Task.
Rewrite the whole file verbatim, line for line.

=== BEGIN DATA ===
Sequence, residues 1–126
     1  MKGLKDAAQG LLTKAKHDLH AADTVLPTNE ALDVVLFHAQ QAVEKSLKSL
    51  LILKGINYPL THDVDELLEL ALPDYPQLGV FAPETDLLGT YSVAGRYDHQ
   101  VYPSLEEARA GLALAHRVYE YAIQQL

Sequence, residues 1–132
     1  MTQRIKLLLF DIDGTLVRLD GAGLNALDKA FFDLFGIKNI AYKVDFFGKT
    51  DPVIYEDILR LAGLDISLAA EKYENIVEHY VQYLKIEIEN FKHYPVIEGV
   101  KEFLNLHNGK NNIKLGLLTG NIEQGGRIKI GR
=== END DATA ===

Sequence, residues 1–126
     1  MKGLKDAAQG LLTKAKHDLH AADTVLPTNE ALDVVLFHAQ QAVEKSLKSL
    51  LILKGINYPL THDVDELLEL ALPDYPQLGV FAPETDLLGT YSVAGRYDHQ
   101  VYPSLEEARA GLALAHRVYE YAIQQL

Sequence, residues 1–132
     1  MTQRIKLLLF DIDGTLVRLD GAGLNALDKA FFDLFGIKNI AYKVDFFGKT
    51  DPVIYEDILR LAGLDISLAA EKYENIVEHY VQYLKIEIEN FKHYPVIEGV
   101  KEFLNLHNGK NNIKLGLLTG NIEQGGRIKI GR